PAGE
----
Metatopia was great. That’s the short of it. It was a relatively small con, but full of good smart people. I played two games, besides my own playtests, but went to a lot of panels and talks and spent a lot of time hanging out at the bar discussing game design. It was just what I was looking for.
Rob said it well. So I don’t have much to add about the con per se, but I do want to talk a bit about what the con did for Et in Arcadia Ego.
First, with the version of Arcadia that I brought, I’d tried something inverted from the usual, in that you were flipping cards to not fail, as opposed to succeed, and it turns out that felt punishing. There are two more components of that worth mentioning: one, failure was more likely the more you cared about something, which was just plain kicking you while you were down, and two, failure engaged the crunchy mechanics a lot more, making it more salient and notable.
Second, it was unclear how and why magic would be useful or interesting to the characters you were playing. How it was relevant to their interests.
So, the panels and talks and the conversations at the bar proved really useful. In particular, hearing things I’ve known and heard before from new people was helpful. Something Kenneth Hite said really helped me figure out what the game needs to be, and I’m killing a few darlings that I had been hiding from the axe before.
Ken (as Vincent and many others have said) said that a game needs one system per thing that it’s about, and to sing, you want those systems to interact with each other. He gave a particular example: in a Three Musketeers game, you need a system for duelling, a system for intrigue, and a system for geopolitical machinations. Because the game is about those.
When he said that, I realized what this game is about. It’s about success in love, getting ahead, and saving what you care about from monsters (in this case, fairies).
And this list provides ideas, immediately, about what systems we need, and what sort of connective tissue we need between them.
The first part, falling in love and getting ahead, are intertwined deeply—in a Regency setting particularly, you can woo someone with, let’s say, four tracks: passion, principle, position and per annum. Yeah, I love alliteration, sue me. That is, by being an ardent lover, being a person of moral character, a person with status (title in the church or military or peerage, sway in the village, whatever), or a person with income (note how Darcy has £10,000 a year [about $600,000 a year, in terms of purchasing power in 2011 dollars], but does not have a title—money and position are intertwined, but not the same thing. Consider how many poor nobles want to marry into money, and how many rich commoners want to marry into a title.)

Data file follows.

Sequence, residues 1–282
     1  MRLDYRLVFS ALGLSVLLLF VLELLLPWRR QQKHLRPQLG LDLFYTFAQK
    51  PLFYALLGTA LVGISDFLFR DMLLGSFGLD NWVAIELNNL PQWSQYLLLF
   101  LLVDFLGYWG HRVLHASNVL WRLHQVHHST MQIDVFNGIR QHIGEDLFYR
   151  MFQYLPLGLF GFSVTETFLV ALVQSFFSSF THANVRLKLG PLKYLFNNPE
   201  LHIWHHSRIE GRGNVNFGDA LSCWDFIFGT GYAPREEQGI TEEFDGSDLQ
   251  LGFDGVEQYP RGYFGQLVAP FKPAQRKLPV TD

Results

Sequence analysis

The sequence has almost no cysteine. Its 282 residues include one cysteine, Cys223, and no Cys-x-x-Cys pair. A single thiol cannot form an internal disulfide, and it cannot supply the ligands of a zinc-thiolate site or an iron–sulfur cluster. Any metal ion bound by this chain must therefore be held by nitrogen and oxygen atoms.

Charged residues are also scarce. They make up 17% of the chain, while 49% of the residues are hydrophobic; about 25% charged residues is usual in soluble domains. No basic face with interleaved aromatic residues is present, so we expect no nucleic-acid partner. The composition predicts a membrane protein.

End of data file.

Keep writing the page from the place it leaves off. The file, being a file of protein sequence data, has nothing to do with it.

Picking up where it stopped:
Now, the last part, saving the things you love from a monster, is a lot like Annalise, but interestingly, doesn’t depend on the parts of Annalise I particularly love. It depends on pacing—on gradual escalation of the threat from the supernatural. Some people observed that 22 spells felt like a lot of options, and kind of befuddling. I found myself agreeing, even though only a small subset were on the table at any time. And I realized that you might be able to use the tarot for pacing, instead. Tie the development of the threat into a kind of escalation. Like in Dogs in the Vineyard, how the towns have this spiral of five steps of sin that they can go down, and the strength of the demons depends on how much of that you’ve discovered.
Jonathan Strange & Mr Norrell has a very compelling structure, in that the magic in the beginning opens the door to the threat that motivates the big fantastic magic at the end. So, what we need is something whereby you can widen the crack in exchange for getting past a hard social challenge in the present. Have I mentioned that Transneptune loves temptation mechanics? It’s really up my alley.
There was a lot of other good and productive stuff, but that’s the core of my thinking. I want to nail the social game, and make it full of awkwardness and difficulty, and then make a magic system that fits into that spot—crack things open a bit more for a little bump right now, and think about the consequences later.
One response to “Metatopia post hoc”
[…] in all the muck, neat ideas, and rough attempts we’d forgotten one of the lessons from Metatopia, or perhaps I’m just characteristically slow. What is clear now, though, is that this idea […]